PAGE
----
Cord blood banking

Cord blood banking is a medical procedure of collecting the life-saving stem cells from the umbilical cord or the baby’s placenta after their birth. These are stored for future use to treat life-threatening diseases in the baby, including cancer, anemia, autoimmune disorders, etc. The stem cells from the cord blood are 10x more than the available ones in the baby’s bone marrow.

Crowning

Crowning is a step during the delivery process when the baby’s head can be seen through the vaginal opening. This ensures that the delivery is happening the right way without any risks of breech. The process of crowning happens during the second stage of labor when the mother is actively pushing through the contractions to deliver the baby. Once crowning happens, the baby is delivered within the next one or two consecutive contractions.

Cystic fibrosis

Cystic fibrosis, abbreviated as CF, is a genetically inherited condition that causes severe damage to the lungs, gastrointestinal system and associated organs in the body. The condition alters the functioning of the cells responsible for the production of mucus, digestive juices and sweat in the body. Instead of the natural consistency, the secreted fluids are thick and obstruct the various ducts and passages in the system.

Diamniotic twins

Diamniotic twins are twins that have their own amniotic and chorionic sac. Despite growing inside one placenta, the twins grow in their amniotic sac, much like they would in a singleton pregnancy. This is commonly what happens during the pregnancy with fraternal twins or in a few identical twin pregnancies.

Dichorionic twins

Dichorionic twin is a type of pregnancy in which the babies each have their separate amniotic sac and separate placenta. They mostly result in fraternal twins. Most of the twins are born dichorionic, where they have separate blood supplies, resulting in a safer pregnancy.

Dilation

Dilation, often known as cervical dilation, starts right before the first stage of labor when the body is gradually preparing itself for the baby’s delivery. This is marked by the gradual opening of the cervix to allow the baby’s movement through the birth canal towards the vaginal opening for a successful natural delivery. Dilation is measured in centimeters (cm) and ranges from 0-10, 10 being the most dilated.

Discordant twins

Discordance in twins happens when one baby is comparably smaller than the other. This happens very often in monochorionic twins when the babies are sharing the chorionic sac. Intrauterine crowding can lead to unequal sharing of the nutrients, water and biochemical compounds that lead to the smaller size of one of the twins in the womb (or after delivery).

Dizygotic

Dizygotic is a medical term for fraternal twins. This translates to two (di) fertilized eggs (zygote). This happens from fertilizing two separate ova (eggs) in the same pregnancy. The fraternal twins are conceived after fertilizing the two eggs by two sperms, followed by the implantation in the uterus.

Down Syndrome

Down’s Syndrome is a chromosomal disorder when the individual has an extra 21 chromosome. Also known as trisomy 21, the condition leads to unique facial appearance, development delays and intellectual disability in the affected child. Interested pregnant women can test for the incidence of Down’s syndrome during the second trimester of their pregnancy.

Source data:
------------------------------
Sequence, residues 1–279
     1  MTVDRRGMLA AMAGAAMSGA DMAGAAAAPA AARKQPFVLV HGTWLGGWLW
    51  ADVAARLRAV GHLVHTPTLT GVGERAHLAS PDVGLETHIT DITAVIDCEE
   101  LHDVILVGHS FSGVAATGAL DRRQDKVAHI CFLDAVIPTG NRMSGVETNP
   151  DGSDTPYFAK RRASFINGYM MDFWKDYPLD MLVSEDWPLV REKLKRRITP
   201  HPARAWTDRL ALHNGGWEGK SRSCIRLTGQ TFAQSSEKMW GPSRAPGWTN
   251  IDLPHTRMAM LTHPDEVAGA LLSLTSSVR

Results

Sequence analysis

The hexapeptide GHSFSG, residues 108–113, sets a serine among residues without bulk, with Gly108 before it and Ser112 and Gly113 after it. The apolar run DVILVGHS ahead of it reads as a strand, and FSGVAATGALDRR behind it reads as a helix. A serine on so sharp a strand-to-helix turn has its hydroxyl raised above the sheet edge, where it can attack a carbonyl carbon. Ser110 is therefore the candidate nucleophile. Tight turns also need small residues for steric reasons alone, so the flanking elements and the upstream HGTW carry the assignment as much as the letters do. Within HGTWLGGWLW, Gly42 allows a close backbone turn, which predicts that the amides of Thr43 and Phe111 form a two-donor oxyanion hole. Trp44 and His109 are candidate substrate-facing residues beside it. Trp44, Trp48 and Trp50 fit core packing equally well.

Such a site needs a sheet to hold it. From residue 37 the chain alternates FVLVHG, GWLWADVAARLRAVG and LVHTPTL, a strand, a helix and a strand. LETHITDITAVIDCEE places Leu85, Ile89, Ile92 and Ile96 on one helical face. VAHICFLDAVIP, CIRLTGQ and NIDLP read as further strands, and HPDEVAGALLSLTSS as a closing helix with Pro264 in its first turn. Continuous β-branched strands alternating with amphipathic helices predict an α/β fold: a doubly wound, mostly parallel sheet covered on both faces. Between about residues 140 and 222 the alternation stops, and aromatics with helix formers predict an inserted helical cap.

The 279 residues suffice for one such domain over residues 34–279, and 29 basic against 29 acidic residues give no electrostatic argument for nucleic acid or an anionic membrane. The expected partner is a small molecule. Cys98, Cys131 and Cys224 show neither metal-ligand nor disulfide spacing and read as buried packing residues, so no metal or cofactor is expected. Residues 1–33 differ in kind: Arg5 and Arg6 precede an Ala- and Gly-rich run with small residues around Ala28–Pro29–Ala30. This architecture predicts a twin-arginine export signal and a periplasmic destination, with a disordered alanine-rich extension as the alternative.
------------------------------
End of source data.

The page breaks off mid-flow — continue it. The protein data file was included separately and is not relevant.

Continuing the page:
Ectopic Pregnancy

Ectopic pregnancy is a rare condition where the fertilized egg implants outside the uterus. It is most commonly seen in the fallopian tube; hence, it is alternatively known as tubal pregnancy. However, ectopic pregnancies result in an eventual miscarriage 6-16 weeks into the gestational period due to a lack of adequate blood and nutrient supply.

Effacement

Cervical effacement is the gradual thinning of the cervix during labor. Unlike cervical dilation calculated in cm, effacement is calculated in percentage (0-100). The process allows the mother to prepare for a comfortable and safe delivery.

Engage (lightening)

Also known as dropping, the developed fetus “drops” further down into the pelvis as it prepares for the delivery. The procedure typically happens a week before labor. The mother can sense the phenomenon because it causes a slight heaviness around the pelvis and is marked by a sudden change to the abdominal shape. It can also lead to a frequent urge to urinate.

Epidural

Epidural is a cocktail of pain-relieving medications injected into the epidural space in the spinal cord during active labor to alleviate the pain from the contractions. The administration of epidural reduces the sensation of the nerves in the lower half of the body, making the labor experience more bearable for the mother.

Episiotomy

Episiotomy is a surgical procedure where the surgeon makes an incision in the perineum, the area between the vaginal opening and the anus. This is done to increase the diameter and area of the vaginal opening for a more comfortable delivery. The procedure is done during the second stage of labor, preceding the actual childbirth.

External cephalic version

The external cephalic version is done in breech babies to reposition themselves from feet to head-first to promote natural birth. It is a manual and non-surgical procedure that moves the baby from a transverse position to the vertex position. This is done according to the standard medical guidelines before labor hits.

Fraternal twins